How do I start to make the shift towards adopting multiple levers in sequence to achieve compound impact?

Organisations typically use five key capabilities to improve both their customer and internal journeys. These are:<br/><br/>

Digitisation<br/><br/>

The process of using tools and technology to improve journeys. Digital tools have the capacity to transform customer-facing journeys in powerful ways, often by creating the potential for self-service. Digital can also reshape time-consuming transactional and manual tasks that are part of internal journeys, especially when multiple systems are involved.<br/><br/>

Advanced analytics<br/><br/>

The autonomous processing of data using sophisticated tools to discover insights and make recommendations. It provides intelligence to improve decision making and can especially enhance journeys where nonlinear thinking is required. For example, insurers with the right data and capabilities in place are massively accelerating processes in areas such as smart claims triage, fraud management, and pricing.<br/><br/>

Intelligent process automation (IPA)<br/><br/>

An emerging set of new technologies that combines fundamental process redesign with robotic process automation and machine learning. IPA can replace human effort in processes that involve aggregating data from multiple systems or taking a piece of information from a written document and entering it as a standardised data input. There are also automation approaches that can take on higher-level tasks. Examples include smart workflows (to track the status of the end-to-end process in real time, manage handoffs between different groups, and provide statistical data on bottlenecks), machine learning (to make predictions on their own based on inputs and provide insights on recognised patterns), and cognitive agents (technologies that combine machine learning and natural-language generation to build a virtual workforce capable of executing more sophisticated tasks).<br/><br/>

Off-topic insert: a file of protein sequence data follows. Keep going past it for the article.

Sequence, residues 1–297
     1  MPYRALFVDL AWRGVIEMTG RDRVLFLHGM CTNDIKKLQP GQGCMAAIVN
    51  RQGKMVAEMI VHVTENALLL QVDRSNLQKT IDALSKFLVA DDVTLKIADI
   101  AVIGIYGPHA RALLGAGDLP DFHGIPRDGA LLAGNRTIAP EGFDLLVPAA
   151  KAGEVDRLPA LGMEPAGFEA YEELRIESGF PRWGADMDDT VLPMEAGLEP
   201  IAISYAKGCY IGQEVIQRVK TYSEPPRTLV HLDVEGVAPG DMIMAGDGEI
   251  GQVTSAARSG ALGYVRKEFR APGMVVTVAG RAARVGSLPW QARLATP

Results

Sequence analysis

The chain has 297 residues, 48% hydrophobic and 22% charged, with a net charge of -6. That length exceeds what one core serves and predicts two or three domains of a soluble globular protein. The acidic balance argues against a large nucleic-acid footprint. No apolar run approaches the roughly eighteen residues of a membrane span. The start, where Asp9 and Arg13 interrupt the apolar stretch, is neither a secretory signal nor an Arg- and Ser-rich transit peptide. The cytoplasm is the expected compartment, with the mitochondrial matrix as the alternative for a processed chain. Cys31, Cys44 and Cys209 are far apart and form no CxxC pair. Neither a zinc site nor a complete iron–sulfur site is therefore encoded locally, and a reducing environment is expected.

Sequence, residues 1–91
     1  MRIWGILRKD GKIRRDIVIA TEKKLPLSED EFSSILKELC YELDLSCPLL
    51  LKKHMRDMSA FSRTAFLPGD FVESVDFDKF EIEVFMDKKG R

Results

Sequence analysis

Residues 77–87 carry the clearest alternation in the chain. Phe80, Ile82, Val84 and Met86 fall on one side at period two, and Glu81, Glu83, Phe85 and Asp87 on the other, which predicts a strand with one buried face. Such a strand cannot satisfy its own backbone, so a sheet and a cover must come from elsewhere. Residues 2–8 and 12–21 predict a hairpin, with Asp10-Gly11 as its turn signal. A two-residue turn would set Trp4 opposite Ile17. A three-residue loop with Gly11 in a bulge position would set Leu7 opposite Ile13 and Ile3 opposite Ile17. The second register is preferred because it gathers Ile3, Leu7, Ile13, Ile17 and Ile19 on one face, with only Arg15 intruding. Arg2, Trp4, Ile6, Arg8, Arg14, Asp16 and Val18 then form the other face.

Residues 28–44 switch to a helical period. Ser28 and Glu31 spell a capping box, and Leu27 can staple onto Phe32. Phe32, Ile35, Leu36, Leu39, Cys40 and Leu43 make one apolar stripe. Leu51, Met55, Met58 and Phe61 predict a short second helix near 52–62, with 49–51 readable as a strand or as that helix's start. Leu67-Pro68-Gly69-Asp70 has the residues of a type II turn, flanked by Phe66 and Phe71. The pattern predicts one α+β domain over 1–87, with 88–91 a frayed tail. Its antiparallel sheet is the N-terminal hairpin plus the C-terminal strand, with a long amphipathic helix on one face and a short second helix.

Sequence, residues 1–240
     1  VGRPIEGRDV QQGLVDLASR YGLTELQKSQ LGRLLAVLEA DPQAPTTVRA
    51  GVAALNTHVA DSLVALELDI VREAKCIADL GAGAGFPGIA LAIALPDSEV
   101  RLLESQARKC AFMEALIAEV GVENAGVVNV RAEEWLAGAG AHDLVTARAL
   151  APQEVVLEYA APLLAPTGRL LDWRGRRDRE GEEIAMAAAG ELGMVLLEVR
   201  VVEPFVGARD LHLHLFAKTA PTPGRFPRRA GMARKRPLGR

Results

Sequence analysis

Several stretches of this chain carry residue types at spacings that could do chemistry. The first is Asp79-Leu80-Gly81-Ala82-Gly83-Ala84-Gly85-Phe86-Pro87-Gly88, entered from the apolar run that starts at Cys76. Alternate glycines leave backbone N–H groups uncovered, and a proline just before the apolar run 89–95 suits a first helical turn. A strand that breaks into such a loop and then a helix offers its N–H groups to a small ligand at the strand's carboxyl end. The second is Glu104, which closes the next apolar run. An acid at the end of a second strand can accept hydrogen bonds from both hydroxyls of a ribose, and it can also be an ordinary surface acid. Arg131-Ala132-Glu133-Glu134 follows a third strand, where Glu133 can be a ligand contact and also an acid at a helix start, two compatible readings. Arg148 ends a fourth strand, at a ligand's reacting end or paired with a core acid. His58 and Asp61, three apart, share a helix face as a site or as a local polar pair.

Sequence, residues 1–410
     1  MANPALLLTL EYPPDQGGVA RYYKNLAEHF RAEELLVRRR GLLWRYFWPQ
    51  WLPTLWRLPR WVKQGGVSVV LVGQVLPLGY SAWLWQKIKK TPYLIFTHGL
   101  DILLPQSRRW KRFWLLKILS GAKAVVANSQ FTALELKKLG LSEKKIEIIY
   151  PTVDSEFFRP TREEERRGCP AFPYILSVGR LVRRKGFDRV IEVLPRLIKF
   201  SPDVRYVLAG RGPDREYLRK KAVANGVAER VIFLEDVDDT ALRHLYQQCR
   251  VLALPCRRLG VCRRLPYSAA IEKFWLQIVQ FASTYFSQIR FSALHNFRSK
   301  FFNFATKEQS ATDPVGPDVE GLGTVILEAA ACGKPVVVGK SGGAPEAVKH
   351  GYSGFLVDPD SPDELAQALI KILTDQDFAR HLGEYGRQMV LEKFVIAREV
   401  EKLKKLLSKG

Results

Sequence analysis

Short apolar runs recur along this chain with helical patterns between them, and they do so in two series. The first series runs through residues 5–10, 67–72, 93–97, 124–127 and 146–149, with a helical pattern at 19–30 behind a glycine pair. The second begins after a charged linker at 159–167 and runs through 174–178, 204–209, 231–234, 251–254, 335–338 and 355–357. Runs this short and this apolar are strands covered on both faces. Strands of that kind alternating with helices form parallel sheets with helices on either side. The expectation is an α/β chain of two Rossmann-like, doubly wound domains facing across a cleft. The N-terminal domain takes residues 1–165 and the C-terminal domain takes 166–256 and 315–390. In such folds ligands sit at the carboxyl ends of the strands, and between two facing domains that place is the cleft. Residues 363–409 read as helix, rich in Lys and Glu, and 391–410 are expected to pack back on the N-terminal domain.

Business process outsourcing (BPO)<br/><br/>

This uses resources outside of the main business to complete specific tasks or functions. It often uses labour arbitrage to improve cost efficiency. This approach typically works best for processes that are manual, not primarily customer facing, and which do not influence or reflect key strategic choices or value propositions. The most common example is back-office processing of documents and correspondence.<br/><br/>

Lean process redesign<br/><br/>

This helps companies streamline processes, eliminate waste, and foster a culture of continuous improvement. This versatile methodology applies well to short-cycle as well as long-cycle processes, transactional as well as judgment-based processes, client-facing as well as internal processes.<br/><br/>

© McKinsey and Company

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